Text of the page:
This 1968 structure was expanded vertically by two additional floors. The addition of 45,000 SF facilitated a redevelopment strategy that transformed the building into a new and vibrant workplace. The program included new facades, public spaces, core, building systems and semi-public amenity areas. The primary design challenge was to weave new architecture through an existing structure and core footprint. Another principal challenge involved creating two viable floors in only 20 feet of additional height.
The design solution creates an “honest,” modern architecture that is both confident in, and respectful of, its urban context. This is reinforced at both the scale of the city and within the building’s detailing. A transparent curtain wall system, absent any opaque spandrels, reveals the concrete structure within. A central reveal in the building’s curtainwall provides a break to the overall façade system and aligns with the building’s internal core and central lobby. The building “opens” here to permit a more direct visual and physical connection to the street. Glass within the central reveal is clearer. The intention is to create movement in the façade, revealing the functions behind. Slab extensions allow the new façade to engage the street wall. New mechanical and plumbing systems are surgically woven through structural beams to achieve viable ceiling heights, while maintaining 75% of the original structural frame. Green roofs, energy efficient systems, daylighting strategies and sustainable technologies support state-of-the-art workplaces.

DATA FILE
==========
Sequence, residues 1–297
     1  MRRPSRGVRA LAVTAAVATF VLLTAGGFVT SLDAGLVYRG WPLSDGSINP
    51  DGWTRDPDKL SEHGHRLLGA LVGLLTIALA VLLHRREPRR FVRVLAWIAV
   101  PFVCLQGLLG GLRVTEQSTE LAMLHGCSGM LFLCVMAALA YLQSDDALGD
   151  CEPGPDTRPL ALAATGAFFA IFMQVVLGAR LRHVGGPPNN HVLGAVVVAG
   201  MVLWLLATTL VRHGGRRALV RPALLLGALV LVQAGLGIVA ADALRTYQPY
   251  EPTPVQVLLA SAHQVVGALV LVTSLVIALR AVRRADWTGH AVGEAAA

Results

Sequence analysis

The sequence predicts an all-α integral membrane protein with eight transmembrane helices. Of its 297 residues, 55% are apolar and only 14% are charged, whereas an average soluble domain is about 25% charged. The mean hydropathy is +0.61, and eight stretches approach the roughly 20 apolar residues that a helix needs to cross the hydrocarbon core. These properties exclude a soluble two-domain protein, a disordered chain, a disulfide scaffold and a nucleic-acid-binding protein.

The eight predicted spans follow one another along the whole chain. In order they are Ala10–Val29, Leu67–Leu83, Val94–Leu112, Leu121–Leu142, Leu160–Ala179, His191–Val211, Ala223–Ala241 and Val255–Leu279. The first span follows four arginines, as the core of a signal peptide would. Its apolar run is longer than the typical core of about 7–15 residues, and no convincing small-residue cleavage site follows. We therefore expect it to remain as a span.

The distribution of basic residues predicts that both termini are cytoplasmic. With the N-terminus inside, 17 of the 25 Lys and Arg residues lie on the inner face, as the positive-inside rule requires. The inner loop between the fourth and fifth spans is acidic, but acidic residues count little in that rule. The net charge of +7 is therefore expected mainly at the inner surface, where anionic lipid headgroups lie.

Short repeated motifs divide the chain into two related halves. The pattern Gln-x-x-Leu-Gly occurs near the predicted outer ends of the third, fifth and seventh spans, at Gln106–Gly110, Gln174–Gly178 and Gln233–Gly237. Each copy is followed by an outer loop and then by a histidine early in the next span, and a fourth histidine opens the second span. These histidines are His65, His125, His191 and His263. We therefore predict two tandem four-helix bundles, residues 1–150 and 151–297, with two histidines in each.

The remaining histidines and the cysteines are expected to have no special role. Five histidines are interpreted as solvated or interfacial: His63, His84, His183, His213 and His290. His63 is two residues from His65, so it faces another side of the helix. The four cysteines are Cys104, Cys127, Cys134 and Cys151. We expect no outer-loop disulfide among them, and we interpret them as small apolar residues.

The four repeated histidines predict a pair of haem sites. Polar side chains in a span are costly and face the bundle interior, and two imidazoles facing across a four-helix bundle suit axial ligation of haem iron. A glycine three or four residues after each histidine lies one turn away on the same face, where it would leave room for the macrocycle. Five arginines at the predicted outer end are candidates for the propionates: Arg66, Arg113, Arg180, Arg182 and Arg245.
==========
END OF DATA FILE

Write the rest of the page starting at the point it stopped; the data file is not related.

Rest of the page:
Our team increased the building by two floors and filled in open courts of the existing floor plate to add more than 45,000 gross square feet. The new design provides a state-of-the-art work environment that is now competitive within the Washington Class A market. The successful outcome of this project exhibits and supports the ability to both foster economic development and practice sustainable design.